I’m working on a project which uses pester tests to validate our deployment and system health.
We’ve accumulated a lot of tests. Nearly all of these sit and wait on things to happen in the deployment and we’re running them sequentially which takes around 20mins. Each of our tests is in it’s own file.
What I wanted to do was, as these are IO bound tests waiting on things to trip in the environment or polling http endpoints, run them all in parallel. One file per thead or something similar.
This issue discusses this topic. I took a lead from the Invoke-Parallel snipped and started playing, unfortunately the output from the tests was mangled and overlapping.
Then I realised I could use Powershell Jobs to schedule the work and poll for the job to be completed then receive each jobs to have to output displayed nicely.
So now the output looks good:
Note: We’re using Pester v4 you’ll have to do a little bit of fiddling to port to Pester 5
What is the the aim? I have a file called IMAGETAG.txt which contains a simple version v1.0.1. It is used to build and push a Docker container as part of the build. If the file is changed in a commit, I want to build and push the docker image.
Now, for those that haven’t played with Kubebuilder it’s gives you a few super useful things to build a K8s operator in Go:
Controller-gen creates all the structs, templated controllers and keeps all those type files in sync for you. So you change a CRDs Struct and the CRD Yaml spec is updated etc. These are all build time tools so we can’t use em.
A nice abstraction around how to interact with K8s as a controller – The controller-runtime. As the name suggests we can use this one at runtime.
So while we can’t use the build time controller-gen we can still use all the goodness of the controller-runtime. In theory.
This is where the fun came in, there aren’t any docs on interacting with a dynamic/unstructured object type using the controller runtime so I did a bit of playing around.
(Code samples for illustration – if you want end2end running example skip to the bottom).
To get started on this journey we need a helping hand. Kuberentes has an API for working which objects which don’t have a Golang struct defined. This is how we can start: Lets check out the go docs for unstructured..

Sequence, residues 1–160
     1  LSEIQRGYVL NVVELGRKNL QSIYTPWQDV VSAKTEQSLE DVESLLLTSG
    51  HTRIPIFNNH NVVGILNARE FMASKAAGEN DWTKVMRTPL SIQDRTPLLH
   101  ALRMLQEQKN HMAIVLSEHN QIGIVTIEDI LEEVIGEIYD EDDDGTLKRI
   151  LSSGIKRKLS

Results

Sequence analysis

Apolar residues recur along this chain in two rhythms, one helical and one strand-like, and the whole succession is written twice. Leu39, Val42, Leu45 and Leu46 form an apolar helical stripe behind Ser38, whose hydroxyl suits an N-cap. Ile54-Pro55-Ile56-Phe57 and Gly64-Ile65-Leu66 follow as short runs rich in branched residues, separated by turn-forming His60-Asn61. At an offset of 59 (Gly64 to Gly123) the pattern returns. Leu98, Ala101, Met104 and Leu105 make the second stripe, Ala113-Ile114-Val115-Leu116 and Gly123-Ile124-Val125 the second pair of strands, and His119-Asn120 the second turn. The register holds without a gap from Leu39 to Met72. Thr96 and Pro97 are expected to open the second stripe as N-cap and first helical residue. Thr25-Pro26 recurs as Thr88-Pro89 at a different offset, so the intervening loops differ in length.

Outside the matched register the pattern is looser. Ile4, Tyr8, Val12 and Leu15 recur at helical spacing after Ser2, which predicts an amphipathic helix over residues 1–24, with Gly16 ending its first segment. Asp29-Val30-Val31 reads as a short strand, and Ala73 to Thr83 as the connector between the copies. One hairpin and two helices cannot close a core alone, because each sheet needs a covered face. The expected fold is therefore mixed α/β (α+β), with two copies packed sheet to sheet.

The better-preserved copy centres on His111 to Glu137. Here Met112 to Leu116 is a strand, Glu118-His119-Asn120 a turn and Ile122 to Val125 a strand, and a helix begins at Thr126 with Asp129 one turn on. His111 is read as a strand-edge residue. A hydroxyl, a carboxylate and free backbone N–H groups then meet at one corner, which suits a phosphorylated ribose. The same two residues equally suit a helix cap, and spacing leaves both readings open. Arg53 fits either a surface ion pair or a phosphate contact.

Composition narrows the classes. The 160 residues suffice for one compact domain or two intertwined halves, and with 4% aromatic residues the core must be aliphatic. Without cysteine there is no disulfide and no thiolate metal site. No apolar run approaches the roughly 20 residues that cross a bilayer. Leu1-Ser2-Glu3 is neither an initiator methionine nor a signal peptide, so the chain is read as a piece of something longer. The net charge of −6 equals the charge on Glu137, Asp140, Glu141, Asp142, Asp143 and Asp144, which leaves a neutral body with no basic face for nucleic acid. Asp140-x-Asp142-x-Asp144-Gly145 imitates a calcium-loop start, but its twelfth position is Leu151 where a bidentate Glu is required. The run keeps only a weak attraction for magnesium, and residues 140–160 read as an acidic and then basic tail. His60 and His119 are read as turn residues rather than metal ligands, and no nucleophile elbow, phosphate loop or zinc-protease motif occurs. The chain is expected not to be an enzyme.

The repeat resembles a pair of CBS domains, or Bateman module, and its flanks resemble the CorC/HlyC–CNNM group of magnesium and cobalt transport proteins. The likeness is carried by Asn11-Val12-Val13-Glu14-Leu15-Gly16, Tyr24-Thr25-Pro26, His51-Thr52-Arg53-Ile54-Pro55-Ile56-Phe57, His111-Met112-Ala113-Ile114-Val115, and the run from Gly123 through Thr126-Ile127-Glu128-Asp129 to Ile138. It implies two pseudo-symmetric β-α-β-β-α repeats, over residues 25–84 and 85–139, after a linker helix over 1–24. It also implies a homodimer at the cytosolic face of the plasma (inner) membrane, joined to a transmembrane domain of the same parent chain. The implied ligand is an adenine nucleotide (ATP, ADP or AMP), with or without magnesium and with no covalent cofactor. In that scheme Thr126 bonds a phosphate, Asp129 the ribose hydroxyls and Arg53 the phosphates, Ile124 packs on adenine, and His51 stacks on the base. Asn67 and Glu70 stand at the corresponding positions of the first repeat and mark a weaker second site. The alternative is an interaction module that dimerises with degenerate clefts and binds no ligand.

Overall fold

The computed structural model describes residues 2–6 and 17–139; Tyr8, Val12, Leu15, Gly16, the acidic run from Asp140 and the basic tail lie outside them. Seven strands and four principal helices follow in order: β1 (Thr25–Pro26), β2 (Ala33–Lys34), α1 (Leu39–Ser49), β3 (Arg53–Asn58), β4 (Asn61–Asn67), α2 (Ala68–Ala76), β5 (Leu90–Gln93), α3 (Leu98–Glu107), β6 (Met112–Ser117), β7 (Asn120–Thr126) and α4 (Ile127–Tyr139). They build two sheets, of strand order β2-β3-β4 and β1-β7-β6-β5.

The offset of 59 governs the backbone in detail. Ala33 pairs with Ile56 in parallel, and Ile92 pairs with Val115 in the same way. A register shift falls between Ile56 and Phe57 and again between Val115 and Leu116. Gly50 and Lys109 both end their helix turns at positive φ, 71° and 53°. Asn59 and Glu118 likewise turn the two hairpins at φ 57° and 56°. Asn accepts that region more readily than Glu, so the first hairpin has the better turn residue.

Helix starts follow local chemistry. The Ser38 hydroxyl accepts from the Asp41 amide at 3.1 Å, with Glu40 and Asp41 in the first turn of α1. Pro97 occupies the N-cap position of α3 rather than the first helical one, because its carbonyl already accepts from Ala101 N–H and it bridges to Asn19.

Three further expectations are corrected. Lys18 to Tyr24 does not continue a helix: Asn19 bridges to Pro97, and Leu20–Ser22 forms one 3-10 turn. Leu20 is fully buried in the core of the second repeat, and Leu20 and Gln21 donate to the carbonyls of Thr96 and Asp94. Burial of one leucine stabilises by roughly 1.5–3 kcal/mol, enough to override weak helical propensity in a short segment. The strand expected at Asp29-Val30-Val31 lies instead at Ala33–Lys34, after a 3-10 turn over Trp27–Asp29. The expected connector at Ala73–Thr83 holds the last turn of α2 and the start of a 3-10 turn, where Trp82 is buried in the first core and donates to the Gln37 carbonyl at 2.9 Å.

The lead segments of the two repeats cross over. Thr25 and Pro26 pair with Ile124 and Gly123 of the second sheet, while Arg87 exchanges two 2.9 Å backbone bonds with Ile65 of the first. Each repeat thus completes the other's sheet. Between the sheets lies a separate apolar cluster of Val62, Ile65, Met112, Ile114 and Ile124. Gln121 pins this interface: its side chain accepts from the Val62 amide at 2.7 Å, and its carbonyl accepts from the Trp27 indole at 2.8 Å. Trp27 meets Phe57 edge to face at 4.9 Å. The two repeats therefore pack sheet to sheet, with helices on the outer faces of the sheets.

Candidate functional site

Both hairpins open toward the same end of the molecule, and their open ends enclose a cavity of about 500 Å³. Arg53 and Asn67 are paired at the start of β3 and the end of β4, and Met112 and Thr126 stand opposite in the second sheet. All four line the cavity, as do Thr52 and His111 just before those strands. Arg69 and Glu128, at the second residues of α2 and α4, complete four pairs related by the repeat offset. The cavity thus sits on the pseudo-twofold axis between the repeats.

Ok so this gives us some nice ways to work with a CRD which doesn’t have a struct defined.
To use this meaningfully we’re going to have to tell it the type it represents – In K8s this means telling it it’s Group, Version and Kind. These are all wrapped up nicely in the schema.GroupVersionKind struct. Lets look at the docs:
Great so hooking these two up together we can create an Unstructured instance that represents a CRD, like so!
Cool, so what can we do from here? Well the controller runtime uses the runtime.object interface for all it’s interactions and guess what we have now? Yup a runtime.Object.. wrapper method to make things obvious
Well now we can create an instance of the controller for our unstructured CRD.
Notice that I’m passing the GroupVersionKind into the controller struct – this will be useful when we come to make changes to a CRD we’re handling.
In the same way that you can use the r.Client on the controller in Kubebuilder you can now use it with the unstructured resource. We use the gvk again here to set the type so that the client knows how to work with it.
Now you might be thinking – wow isn’t it going to be painful working without the strongly typed CRD structs?
Yes it’s harder but there are some helper methods in the unstructured api which make things much easier. For example, the following let you easily retrieve or set a string which is nested inside it.